In Jessamy defeat, a bittersweet coda to the Sowers case

Widow of man beaten to death in Baltimore has moved on but is glad to see change in state's attorney's office

September 23, 2010|By Ron Smith

A few hundred miles from Baltimore, a law school student learned last week that Gregg Bernstein upset Pat Jessamy in the Democratic primary for Baltimore state's attorney.

That result gave some long-delayed comfort to this woman we came to know as she battled Baltimore officialdom in the wake of her husband's brutal murder.

Her name is Anna Sowers. Her husband, Zach Sowers, was beaten into a nine-month-long coma in a street robbery a few steps from the couple's Patterson Park home on the night of June 2, 2007. The crime was particularly brutal. The slender young man was "curb-stomped" into an unconsciousness from which he never recovered.

Anna was out of town when the crime took place. When she saw her comatose husband at Johns Hopkins Hospital, his head was so swollen and his face so smashed that she could only identify him by a scar on his right shoulder.

The suspects were tracked down and arrested very quickly. They weren't very smart, using their 28-year-old victim's credit card to buy gas and videos, but one of them, Trayvon Ramos, was a Phi Beta Kappa of viciousness. He was, police and prosecutors agreed, the perp who did the beating.

As usual, plea bargaining ensued, and the other defendants agreed to testify against Mr. Ramos, who was 17 at the time.

Mr. Ramos pleaded guilty and got a life sentence with all but 40 years suspended. He could be paroled after 24 years. The others could serve as few as eight years in prison.

The agreement stipulated that none would be charged with murder if Zach Sowers died from his injuries.

Anna was outraged at the outcome of the plea bargaining and began what turned out to be a long and painful quest to seek justice from a system not noted for it.

As she gained attention, official Baltimore did what it does best: ignore uncomfortable circumstances until they go away.

Anna was persistent and took her case to the public, making it clear that she wanted a trial for her husband's assailants and that in her opinion justice wasn't done. She just wouldn't go away.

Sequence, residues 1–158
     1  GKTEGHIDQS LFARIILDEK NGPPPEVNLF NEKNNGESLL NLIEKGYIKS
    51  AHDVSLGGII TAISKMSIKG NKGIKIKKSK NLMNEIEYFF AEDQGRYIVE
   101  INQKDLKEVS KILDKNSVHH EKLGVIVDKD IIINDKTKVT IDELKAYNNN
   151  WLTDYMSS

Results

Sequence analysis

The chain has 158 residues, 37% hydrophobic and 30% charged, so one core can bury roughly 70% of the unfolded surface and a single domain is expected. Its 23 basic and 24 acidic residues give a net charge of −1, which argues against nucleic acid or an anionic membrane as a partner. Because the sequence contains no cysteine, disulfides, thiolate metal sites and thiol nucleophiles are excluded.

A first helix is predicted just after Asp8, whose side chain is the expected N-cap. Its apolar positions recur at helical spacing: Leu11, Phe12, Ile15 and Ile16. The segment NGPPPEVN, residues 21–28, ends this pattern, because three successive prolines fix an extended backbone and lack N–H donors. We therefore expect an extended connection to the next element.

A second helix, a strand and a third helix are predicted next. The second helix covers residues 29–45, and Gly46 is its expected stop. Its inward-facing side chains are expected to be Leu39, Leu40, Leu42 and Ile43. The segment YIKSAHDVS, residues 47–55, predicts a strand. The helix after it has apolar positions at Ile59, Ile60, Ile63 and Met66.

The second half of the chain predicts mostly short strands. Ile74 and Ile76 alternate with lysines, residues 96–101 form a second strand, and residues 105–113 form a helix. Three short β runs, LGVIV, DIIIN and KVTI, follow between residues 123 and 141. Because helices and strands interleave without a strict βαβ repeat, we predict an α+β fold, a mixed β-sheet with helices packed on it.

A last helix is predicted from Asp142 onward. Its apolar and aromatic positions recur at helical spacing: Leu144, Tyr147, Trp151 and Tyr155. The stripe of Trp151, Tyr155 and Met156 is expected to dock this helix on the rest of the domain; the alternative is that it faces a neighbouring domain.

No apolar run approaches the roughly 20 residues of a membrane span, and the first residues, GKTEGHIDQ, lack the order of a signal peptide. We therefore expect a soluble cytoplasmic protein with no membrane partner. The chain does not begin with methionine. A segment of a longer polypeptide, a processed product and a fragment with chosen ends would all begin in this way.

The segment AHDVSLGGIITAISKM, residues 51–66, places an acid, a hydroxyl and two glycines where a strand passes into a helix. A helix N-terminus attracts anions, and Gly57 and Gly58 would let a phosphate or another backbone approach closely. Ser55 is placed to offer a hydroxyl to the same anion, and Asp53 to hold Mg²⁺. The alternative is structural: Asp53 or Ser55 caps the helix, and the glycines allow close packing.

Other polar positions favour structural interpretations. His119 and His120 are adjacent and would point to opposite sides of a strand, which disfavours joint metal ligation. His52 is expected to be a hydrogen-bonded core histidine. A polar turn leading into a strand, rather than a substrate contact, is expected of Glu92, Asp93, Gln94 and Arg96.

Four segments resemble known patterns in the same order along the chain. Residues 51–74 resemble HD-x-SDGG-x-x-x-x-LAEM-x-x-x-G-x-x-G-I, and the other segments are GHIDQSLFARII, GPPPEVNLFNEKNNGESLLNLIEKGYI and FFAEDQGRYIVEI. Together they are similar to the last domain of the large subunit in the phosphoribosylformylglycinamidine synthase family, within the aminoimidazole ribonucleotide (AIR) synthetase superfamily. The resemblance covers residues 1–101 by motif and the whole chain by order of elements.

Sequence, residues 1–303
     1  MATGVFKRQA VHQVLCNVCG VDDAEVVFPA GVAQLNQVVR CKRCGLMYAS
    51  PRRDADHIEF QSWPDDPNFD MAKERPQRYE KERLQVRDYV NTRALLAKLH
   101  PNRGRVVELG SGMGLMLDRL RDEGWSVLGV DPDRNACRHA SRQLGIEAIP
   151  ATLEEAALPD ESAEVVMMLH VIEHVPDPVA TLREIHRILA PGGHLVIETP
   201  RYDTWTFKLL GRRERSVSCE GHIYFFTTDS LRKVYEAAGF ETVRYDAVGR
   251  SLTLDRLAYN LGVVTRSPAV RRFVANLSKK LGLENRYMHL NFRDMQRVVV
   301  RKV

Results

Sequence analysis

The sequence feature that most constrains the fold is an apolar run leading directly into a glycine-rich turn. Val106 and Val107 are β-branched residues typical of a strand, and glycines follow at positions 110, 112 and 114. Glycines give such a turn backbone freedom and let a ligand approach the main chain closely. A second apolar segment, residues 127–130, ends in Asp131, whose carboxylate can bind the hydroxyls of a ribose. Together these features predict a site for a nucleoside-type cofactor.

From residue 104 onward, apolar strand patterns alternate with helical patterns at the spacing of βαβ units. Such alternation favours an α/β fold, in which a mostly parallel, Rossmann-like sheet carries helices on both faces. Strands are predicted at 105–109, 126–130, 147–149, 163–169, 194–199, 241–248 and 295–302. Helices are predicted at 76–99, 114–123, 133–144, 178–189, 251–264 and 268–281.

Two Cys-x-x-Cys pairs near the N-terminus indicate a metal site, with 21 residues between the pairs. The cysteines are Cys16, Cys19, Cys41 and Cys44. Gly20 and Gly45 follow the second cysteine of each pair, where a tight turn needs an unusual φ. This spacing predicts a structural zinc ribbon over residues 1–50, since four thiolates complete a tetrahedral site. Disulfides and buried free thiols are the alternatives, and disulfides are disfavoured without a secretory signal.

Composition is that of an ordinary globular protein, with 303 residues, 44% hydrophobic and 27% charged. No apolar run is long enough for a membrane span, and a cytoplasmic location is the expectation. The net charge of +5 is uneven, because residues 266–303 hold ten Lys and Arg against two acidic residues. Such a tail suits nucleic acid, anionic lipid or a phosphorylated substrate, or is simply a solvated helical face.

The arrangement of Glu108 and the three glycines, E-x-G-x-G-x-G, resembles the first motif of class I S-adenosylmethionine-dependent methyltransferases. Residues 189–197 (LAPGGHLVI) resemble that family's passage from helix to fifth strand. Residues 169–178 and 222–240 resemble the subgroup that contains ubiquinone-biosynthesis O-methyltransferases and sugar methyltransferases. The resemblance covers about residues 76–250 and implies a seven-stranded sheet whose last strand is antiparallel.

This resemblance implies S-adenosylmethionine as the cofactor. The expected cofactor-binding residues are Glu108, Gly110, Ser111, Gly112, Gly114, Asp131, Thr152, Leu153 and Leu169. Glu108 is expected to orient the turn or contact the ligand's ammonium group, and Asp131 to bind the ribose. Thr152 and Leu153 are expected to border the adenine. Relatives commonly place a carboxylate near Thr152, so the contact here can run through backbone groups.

Eventually, the Empire struck back.

Jessamy spokeswoman Margaret "Marty" Burns famously commented in an interview with Exhibit A, a monthly magazine on law, that Mr. Sowers "looked like a sleeping baby" when he was rolled into the Hopkins ER. She also said "the injuries were not consistent with this horrible pummeling — it appeared that when he fell down, he had collapsed after being hit."

Ms. Burns also ventured that "he probably injured something in the fall or had a pre-existing condition" and said, "We had not wanted to go against this poor woman. Everything she says to you is not 100 percent accurate. He is gone, and the opportunity to have questions answered were ruined by not having an autopsy."

The Burns interview got a lot of press. More and more people began paying attention to the state's attorney's office and its blatant inadequacies. And Anna kept fighting and raising money for the Zach Sowers Brain Trauma Research Fund. (You can still make contributions online at https://jhweb.dev.jhu.edu/eforms/form/zsowers. Please do.)

When I talked to Anna this week, she said she was gratified that Mrs. Jessamy lost the election but more concerned that Gregg Bernstein follow through on his stated goals in reforming the state's attorney's office. She said a number of friends from the time she shared with Zach have left Baltimore; some because they married and wanted children and some space in the suburbs, others fearing for their safety.

When breaking down the vote in the contest between Mrs. Jessamy and Mr. Bernstein, precincts in gentrified — that is, largely white — neighborhoods, made the difference in breaking hugely for the latter. Anger at the handling of the case of Zach Sowers (a white man attacked by a group of black assailants) certainly played a part in this sentiment, as did the murder in July of Stephen Pitcairn as he walked to his Charles Village home from Penn Station.

That the accused killer of Mr. Pitcairn, a young Hopkins research technologist, had a criminal record that should have kept him behind bars but didn't, again stirred up the feeling that it was time for Mrs. Jessamy to go — and to take Marty Burns with her.

Can Mr. Bernstein follow through with his promises of more effective and accountable criminal prosecution in the city?

Let's hope so.

Ron Smith can be heard weekdays, 9 a.m. to noon, on 1090 WBAL-AM and WBAL.com. His column appears Fridays in The Baltimore Sun. His e-mail is rsmith@wbal.com.

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